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Chemistry - desperately need help with buffer calculation.

  1. Dec 10, 2012 #1
    1. A buffer is prepared by mixing a 100.0ml of a 0.100M NH3 solution with a 0.200M solution of NH4Cl and making the total volume up to 1.000L of water. What is the volume of the NH4Cl solution required to achieve a buffer at pH=9.5
    Ka of NH4+ = 5.6x10^-10

    The textbook tell me that the answer is 28.1mL, can anyone please help me to figure this out? i've been trying for the past few hours and just about ready to give up!

    I'm almost certain you need to use hendersen hasselbach but i cannot get the correct answer.
    Thank you :)
     
  2. jcsd
  3. Dec 11, 2012 #2

    Borek

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    Staff: Mentor

    HH equation will give a ratio of concentrations of NH3 and NH4+. You are given amount of ammonia and the final volume, so you can easily calculate ammonia concentration in the final solution. Use this number and the ratio to calculate concentration of NH4+ in the final solution, then calculate how much NH4+ in the form of 0.200M solution is needed.

    Actually dilution calculations can be ignored, but I am afraid explaining why will just confuse you more.
     
  4. Dec 11, 2012 #3
    oh ok, thank you for your feedback. is there any chance you would mind showing me the working for the question?
    im just a bit confused about which ratio you're talking about, i've completed the question and gotten an answer of 0.2823L which i know isn't right.
     
    Last edited: Dec 11, 2012
  5. Dec 11, 2012 #4

    Borek

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    Staff: Mentor

    Show what you did and how.
     
  6. Dec 11, 2012 #5
    okay, so i began by finding the moles of ammonia in 1L,
    first found moles in 100mL
    c=n/v so n=cV
    n=0.100M/0.1
    = 0.01

    then using henderson hasselbach,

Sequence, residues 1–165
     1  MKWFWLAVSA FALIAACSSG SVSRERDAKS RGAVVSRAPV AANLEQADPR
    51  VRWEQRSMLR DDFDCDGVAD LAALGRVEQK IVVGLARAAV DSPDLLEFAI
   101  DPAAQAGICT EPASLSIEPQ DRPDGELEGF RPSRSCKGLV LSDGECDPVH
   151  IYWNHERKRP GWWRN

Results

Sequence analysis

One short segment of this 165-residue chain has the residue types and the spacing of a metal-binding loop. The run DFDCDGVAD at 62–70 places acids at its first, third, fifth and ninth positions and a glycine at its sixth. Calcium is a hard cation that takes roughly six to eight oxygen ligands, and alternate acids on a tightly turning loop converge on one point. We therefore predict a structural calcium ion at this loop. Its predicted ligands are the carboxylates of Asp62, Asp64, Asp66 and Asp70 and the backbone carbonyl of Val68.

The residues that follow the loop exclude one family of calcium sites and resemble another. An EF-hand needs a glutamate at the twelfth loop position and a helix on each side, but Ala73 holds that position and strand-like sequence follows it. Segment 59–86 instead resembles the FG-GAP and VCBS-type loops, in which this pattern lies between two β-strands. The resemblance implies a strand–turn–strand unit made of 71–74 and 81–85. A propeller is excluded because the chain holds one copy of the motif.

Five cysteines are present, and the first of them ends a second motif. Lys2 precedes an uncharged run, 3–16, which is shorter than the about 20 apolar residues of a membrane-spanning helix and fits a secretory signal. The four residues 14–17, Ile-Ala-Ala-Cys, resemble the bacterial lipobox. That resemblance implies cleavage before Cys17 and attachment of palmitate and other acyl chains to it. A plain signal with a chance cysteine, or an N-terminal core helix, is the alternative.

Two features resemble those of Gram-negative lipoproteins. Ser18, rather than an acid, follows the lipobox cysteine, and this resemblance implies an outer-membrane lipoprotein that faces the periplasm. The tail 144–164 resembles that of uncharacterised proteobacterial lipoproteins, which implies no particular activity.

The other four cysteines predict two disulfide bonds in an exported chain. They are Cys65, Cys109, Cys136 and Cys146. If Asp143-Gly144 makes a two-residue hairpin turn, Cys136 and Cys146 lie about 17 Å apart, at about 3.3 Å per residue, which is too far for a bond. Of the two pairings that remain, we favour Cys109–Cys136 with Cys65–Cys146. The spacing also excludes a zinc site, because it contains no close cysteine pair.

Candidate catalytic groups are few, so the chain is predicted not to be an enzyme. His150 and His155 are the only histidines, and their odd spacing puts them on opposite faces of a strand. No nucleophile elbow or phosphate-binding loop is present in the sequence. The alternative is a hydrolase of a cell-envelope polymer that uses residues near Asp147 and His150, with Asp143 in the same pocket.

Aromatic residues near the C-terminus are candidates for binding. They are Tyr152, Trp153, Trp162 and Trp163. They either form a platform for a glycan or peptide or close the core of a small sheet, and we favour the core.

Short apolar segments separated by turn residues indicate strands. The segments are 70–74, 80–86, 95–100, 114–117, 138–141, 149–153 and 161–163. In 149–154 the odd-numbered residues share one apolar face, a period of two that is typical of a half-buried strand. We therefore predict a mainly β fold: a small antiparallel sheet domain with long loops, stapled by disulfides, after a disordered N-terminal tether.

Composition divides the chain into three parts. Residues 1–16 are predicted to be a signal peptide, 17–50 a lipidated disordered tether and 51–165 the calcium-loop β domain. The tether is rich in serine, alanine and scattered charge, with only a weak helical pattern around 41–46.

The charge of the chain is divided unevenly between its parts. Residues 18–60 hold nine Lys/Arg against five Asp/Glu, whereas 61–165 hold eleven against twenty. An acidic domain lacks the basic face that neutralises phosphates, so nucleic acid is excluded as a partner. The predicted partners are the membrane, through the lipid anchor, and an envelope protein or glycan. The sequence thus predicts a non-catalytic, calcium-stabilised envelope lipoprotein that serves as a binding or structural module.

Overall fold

pH=pKa+ log (NH4+/NH3)
    9.5=9.25+log(NH4+/0.01)
    0.25=log(NH4/0.01)
    10^-0.25= (NH4/0.01)
    NH4= 0.564 x 0.01
    n of NH4 = 0.00565

    then from moles find volume of NH4 required,
    c=n/v
    v=n/c
    v= 0.00564/0.02M
    v= 0.2823L
    v= 282.3mL

    i know my working isn't right but i'm at a loss about what to do. i have an exam on this on friday so i really appreciate your help.
     
  7. Dec 11, 2012 #6

    Borek

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    Why 0.02M?
     
  8. Dec 11, 2012 #7
    i've just had a look at the question again,

    i think i've calcualted the number of moles incorrectly,

    moles of ammonia should actually be,
    n= 0.1M/1.0L
    n=0.1

    is that correct?
     
  9. Dec 11, 2012 #8
    oh that should be 0.2M not 0.02. my mistake
     
  10. Dec 11, 2012 #9
    so then if i sub that in, so..

    0.00564 M/0.2M
    =0.0282L, is that then correct?
     
  11. Dec 12, 2012 #10

    Borek

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    Looks OK to me, and fits the book answer, doesn't it?
     
  12. Dec 12, 2012 #11

    Borek

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    No.

    First, it is C*V, not C/V (actually you wrote it wrong in the original solution as well, but then you calculated right).

    Second, in the final solution concentration of ammonia is not 0.1M, it was diluted tenfold, to 0.01M.

    Your original calculation (0.1M*0.1L=0.01 moles) was OK.
     
  13. Dec 13, 2012 #12
    oh okay thank you very much for your help :) i appreciate it!
     
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